Bacteriology was first taught as a distinct course at the University of Maryland School of Medicine during the 1893-1894 academic year. In 1919, a separate Department of Bacteriology emerged from the combined Department of Pathology and Bacteriology. The first head of the Department was William R. Stokes, MD, who also served as the Bacteriologist to the State and City Boards of Health in Baltimore. Dr. Stokes published numerous articles on the important infectious disease issues of that time, including tuberculosis, diphtheria and disinfection of municipal drinking water. During his tenure, in 1920, the subject of immunology was introduced as a separate course in the medical school curriculum.
While investigating an outbreak of psittacosis for the Board of Health, Dr. Stokes contracted the disease and died in 1930. Frank Hachtel, MD, succeeded Dr. Stokes as Head of the Department of Bacteriology, a position he held until his retirement in 1954. Dr. Hachtel had originally joined the department in 1920 and for many years was the only full-time faculty member in the department. He was primarily a teacher but did pursue some research in bacterial physiology and metabolism.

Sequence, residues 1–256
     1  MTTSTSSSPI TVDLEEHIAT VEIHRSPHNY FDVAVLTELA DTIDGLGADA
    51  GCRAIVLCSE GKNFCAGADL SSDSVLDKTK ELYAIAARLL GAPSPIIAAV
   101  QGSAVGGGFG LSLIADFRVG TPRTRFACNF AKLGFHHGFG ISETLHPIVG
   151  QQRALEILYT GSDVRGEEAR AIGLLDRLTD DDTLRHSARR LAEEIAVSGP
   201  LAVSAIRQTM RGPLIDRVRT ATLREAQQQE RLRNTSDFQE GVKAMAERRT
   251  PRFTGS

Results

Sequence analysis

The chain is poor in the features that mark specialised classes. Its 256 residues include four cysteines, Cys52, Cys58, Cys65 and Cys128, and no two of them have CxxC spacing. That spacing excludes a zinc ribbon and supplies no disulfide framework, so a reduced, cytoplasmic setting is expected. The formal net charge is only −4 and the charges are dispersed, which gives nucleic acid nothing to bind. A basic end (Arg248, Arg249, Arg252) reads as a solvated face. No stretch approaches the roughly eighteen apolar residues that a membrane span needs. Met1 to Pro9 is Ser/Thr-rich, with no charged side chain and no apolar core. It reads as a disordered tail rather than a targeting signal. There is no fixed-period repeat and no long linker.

A stronger research focus began with the recruitment of Charles J. Wisseman, Jr., MD, from the Walter Reed Army Institute of Research. Appointed as Department Chair in 1954, Dr. Wisseman molded the department around his own research area of rickettsiology. By 1980, all but two faculty members in the department (by then called the Department of Microbiology) were conducting research on rickettsiae. The academic scope was expanded in the 1980s with the recruitment of three immunology faculty, and in 1986 the department's name was changed to the Department of Microbiology & Immunology.
Dr. Wisseman retired in 1987 and was succeeded by Dr. Paul Fiset as Interim Chair for two years. In 1989, Jan Cerny, MD, PhD, was recruited from the University of Texas Medical Branch in Galveston to become Chair. Dr. Cerny’s research interests focused on B cell ontogeny and age-related changes in antibody repertoire. As Chair, he greatly strengthened immunology research in the department and in the School of Medicine by recruiting new faculty and sponsoring the University of Maryland Immunology Group (UMIG), an interdepartmental program of research, teaching, and seminar speakers in immunology.
Dr. Cerny stepped down as Chair in 2007. He was succeeded by James B. Kaper, PhD, the current Chair of the Department of Microbiology & Immunology. (Learn More About Dr. Kaper)